Mayor Nutter may have angered Philadelphians with his push to close city libraries, fire companies and pools, but a substantial majority of residents continue to stand behind him, according to a new poll.

In the first public poll since the mayor in November called for far-reaching cuts in response to the city's budget crisis, 71 percent of respondents rated Nutter favorably. Among his fans were residents whose profiles matched the demographic that elected him - affluent, white, college-educated Philadelphians.

Commissioned by the Pew Charitable Trusts, the poll also indicated that residents are more optimistic about Philadelphia's future than in the few years just prior to Nutter's election.

The poll of 1,600 adult residents was conducted Jan. 2 to Jan. 19, so most of it was completed before Nutter's Jan. 15 announcement that the city faced a second $1 billion budget shortfall in the next five years. The poll's margin of error was plus or minus 2.5 percentage points.

Released yesterday, the findings are a glimmer of good news that Nutter may want to keep close as he studies ways - including possible tax hikes - to close that $1 billion hole before March 19, when he is scheduled to deliver his annual spending plan to City Council.

At the least, the mayor can be relieved that he no longer has to focus on convincing Philadelphians that their city faces tough financial times: 81 percent of respondents described the city's financial well-being as "not too good" or in "bad shape."

"In sum, Philadelphians recognize the severity of the financial problems facing their city and have confidence in the mayor's ability to deal with them, even while they overwhelmingly reject elements of his proposal to do so," the report on the poll said.

That conclusion resonated with Karen Lash, president of the Friends of Holmesburg Library, one of 11 libraries Nutter tried, but failed, to close.

"I truly believe he is a decent human being who cares about the city," she said. "But at the same time, it doesn't necessarily mean I agree with the calls he has made or how he has gone about making decisions."

With 37 percent of respondents saying they were less than "pretty confident" in Nutter's abilities to handle the budget problems, the mayor must work harder if he wants to enact solutions that will be supported by at least two-thirds of Philadelphians.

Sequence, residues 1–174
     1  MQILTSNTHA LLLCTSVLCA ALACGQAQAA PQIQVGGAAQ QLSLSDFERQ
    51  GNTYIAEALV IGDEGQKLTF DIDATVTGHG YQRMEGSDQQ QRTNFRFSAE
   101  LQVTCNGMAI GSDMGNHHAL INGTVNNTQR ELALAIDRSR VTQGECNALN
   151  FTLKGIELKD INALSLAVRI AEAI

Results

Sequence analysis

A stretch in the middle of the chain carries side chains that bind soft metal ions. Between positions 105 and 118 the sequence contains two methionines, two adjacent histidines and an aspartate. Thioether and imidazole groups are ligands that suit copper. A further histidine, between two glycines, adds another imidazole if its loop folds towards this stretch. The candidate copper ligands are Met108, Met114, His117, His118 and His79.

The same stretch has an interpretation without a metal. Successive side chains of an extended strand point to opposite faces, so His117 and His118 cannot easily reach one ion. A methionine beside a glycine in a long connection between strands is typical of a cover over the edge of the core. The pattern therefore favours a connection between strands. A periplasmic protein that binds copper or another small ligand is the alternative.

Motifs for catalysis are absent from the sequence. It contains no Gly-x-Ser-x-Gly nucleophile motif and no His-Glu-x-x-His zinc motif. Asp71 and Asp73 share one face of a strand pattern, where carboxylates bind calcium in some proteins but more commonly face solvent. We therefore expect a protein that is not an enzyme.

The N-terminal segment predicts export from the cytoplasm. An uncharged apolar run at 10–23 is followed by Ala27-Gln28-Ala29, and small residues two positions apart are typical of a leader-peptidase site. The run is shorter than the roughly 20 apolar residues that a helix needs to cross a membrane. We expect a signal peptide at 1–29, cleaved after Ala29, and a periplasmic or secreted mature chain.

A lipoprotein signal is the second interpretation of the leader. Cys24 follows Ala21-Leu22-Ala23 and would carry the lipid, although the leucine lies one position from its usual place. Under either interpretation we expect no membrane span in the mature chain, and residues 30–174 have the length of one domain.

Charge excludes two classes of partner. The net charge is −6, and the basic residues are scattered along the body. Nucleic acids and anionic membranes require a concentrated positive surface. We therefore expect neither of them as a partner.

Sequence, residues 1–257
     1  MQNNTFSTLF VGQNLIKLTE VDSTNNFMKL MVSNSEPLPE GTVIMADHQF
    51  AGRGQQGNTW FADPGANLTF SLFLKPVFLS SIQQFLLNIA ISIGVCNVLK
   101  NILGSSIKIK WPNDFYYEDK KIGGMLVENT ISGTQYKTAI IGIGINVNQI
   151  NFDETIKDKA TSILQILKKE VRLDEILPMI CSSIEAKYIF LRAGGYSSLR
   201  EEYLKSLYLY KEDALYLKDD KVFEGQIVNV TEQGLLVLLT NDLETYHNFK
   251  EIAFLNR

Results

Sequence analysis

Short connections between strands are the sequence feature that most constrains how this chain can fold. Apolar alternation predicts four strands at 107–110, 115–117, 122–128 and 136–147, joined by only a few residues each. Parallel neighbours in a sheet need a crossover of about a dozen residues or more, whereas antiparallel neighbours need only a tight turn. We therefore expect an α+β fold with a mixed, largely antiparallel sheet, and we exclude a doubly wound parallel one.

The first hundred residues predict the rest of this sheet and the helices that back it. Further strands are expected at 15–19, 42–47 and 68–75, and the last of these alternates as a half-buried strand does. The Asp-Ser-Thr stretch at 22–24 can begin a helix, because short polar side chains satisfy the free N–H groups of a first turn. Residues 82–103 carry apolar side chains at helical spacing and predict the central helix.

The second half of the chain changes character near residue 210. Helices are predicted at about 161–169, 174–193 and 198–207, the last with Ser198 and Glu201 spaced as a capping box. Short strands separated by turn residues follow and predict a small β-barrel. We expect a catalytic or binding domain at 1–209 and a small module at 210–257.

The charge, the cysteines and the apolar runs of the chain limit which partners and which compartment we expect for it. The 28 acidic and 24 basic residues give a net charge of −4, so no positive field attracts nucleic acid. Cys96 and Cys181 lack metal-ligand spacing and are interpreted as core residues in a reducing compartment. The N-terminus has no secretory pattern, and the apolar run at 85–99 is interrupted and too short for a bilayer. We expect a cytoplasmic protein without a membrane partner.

That task will be difficult, as poll respondents were split nearly evenly between whether they preferred more services and higher taxes, or fewer services and lower taxes.

"As to what should be done now, they just don't know," said Larry Eichel, project director of the Philadelphia Research Initiative, a new unit of the Pew Charitable Trusts that oversaw the poll and is studying issues affecting Philadelphia. "Building some sort of consensus about the coming year's budget plans will clearly be a challenge for him."

Nutter said yesterday that "I don't think you have to be the Nielsen polling firm to figure out that people are upset."

At the same time, "many people say, 'But I'm glad you're the person down there making those decisions, that we think you're going to do your best,' " he said. "I think there's something to be said for that. It's a snapshot in time, and I'm overall pleased."

A year into his term, the poll indicates that the strongest backers of the mayor - an Ivy League-educated African American - are likely to be white, college-educated, and earning six-figure salaries.

For instance, 57 percent of white respondents but just 37 percent of black respondents graded Nutter's performance last year an A or a B.

That type of demographic finding is consistent with the sort of support Nutter had when he was elected. An Inquirer analysis showed that he won more votes in majority-white wards and won the five Philadelphia wards with the highest average income.

Noting that Nutter was elected with 83 percent of the vote and that his favorable rating in the poll was 71 percent, Eichel, a former Inquirer reporter, said: "That shows there is a little erosion, but not much. What we see here is people like the mayor. . . . They trust him to do the right thing on the budget, even though they don't know what that is."

The poll also suggested that Philadelphians' outlook on the city had changed substantially since the final years of the John F. Street administration.

In a January 2007 poll by Franklin and Marshall College, just 31 percent of Philadelphians who responded said the city was on the right track, with 61 percent saying it was not.

In the Pew poll, 63 percent said Philadelphia was a good or excellent place to live, and 68 percent said they expected the city would be better five years from now.

The poll was conducted by Abt SRBI Public Affairs in conjunction with Rutgers University pollster and professor Cliff Zukin. It included calls to 1,200 land lines and 400 cell phones.

The Philadelphia Research Initiative plans to issue a "state of the city" report next month as well as other polls and in-depth reports on city issues in the future.